Sometimes when you have a flashback, you lose touch with reality (this current reality or “present moment”), as mentioned. To deal with this, you need to ground yourself back into this present moment and you could do this by things like hold a pillow and notice what it feels like, wrap yourself in a blanket tightly and feel the pressure, or sit in a specific place in your home that makes you feel safe and notice what is around you – these are great ways to draw boundaries and feel protected from the oncoming assault of the flashback.
3. Identify early warning signs
Early warning signs of a flashback about to happen are not the same thing as knowing your triggers – the trigger comes before the early warning signs. Early warning signs of a flashback about to occur can include surroundings that start to appear fuzzy or distant. To work out what your early warning signs are, think back to your last flashback and what you first notice starting to happen to your experience. Did you start to break out in a sweat? Did your body start to fill up with intense fear? Write these down so you can remember them. It may also help to try to go back to what you were thinking or feeling right before the flashback started to regain control of the situation and remind yourself that it’s just your past trauma being triggered.
4. Keep saying to yourself that the worst is over
A flashback is irrational in itself, so it may seem pointless to try to rationalize it, but you can try. Try to convince yourself that the feelings you are experiencing are merely remnants of the past. The actual event has come and gone and you have lived through it. Remind yourself of where you are now, and what the current date is, that the trauma is no longer happening anymore.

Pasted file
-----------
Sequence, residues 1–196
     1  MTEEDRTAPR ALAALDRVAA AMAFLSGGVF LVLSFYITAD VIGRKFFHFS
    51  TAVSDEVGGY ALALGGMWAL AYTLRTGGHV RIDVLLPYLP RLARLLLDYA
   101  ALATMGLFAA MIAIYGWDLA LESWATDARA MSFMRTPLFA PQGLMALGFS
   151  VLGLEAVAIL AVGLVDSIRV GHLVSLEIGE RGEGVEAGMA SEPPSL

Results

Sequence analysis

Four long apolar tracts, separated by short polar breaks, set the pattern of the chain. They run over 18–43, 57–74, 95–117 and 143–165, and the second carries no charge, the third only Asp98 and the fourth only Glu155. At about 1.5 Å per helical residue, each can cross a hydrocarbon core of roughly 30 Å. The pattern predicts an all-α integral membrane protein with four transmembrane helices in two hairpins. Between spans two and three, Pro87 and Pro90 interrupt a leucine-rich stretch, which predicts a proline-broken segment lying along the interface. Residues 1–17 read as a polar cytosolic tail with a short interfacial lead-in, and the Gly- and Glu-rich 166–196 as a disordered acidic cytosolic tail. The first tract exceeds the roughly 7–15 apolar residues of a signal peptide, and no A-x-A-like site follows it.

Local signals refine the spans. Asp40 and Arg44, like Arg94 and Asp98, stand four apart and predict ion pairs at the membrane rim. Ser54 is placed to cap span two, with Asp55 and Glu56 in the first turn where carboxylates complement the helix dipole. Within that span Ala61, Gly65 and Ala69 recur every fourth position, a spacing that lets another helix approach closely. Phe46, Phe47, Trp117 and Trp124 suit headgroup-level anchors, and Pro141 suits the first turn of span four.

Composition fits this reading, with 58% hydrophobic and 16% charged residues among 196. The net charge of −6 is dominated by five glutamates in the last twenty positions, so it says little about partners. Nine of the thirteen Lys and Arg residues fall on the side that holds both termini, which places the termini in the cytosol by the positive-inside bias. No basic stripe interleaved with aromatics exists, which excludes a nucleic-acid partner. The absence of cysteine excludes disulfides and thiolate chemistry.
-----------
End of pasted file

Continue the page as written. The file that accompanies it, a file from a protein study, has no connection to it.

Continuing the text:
Doing this can be even more difficult if you don’t realize you are having a flashback. A therapist can help you.
5. Ask for help
Get someone to support you if you are aware that you may be facing a risk of a flashback. The person or people should know you and your triggers well and what to do when or if you are having a flashback to pull you out of reliving the trauma and help to ground you back into the present moment where you are safe. For instance, if you going somewhere where you know that you could potentially be triggered, have your support person provide you with physical touch, or as they walk alongside you to be verbally reminding you of where you are and what the date is, and that you are safe. They can also do this for you when you are in the midst of a flashback. Explain to them what the indicators or signs are for you that you are in the midst of a flashback as they may not know what these are for you.
Seeking Professional Help
Ultimately, the best way to protect yourself from recurrent flashbacks is to engage in professional help with a Clinical Psychologist trained in treating PTSD and trauma. This is important as the flashbacks may be a sign that you are having a hard time dealing with the traumatic event; that the past trauma hasn’t been properly integrated by your mind and body. Therapy can help with this. Flashbacks can and do sometimes just stop happening without professional intervention, though they can tend to get more frequent and distressing, and thus more debilitating where for some people they end up not being able to leave their homes because of the triggers being highly present in their out-of-home environment.
I am a clinical psychologist and certified therapist with understanding, empathy and extensive experience treating people who are suffering from PTSD and trauma. The PTSD experience can be an isolating and scary road without adequate and professional support. I am here to help , feel free to give me a call to discuss how I may be able to help you manage and reduce your flashbacks and other PTSD symptoms. You can contact my practice on 07 5574 3888, or send an email to [email protected].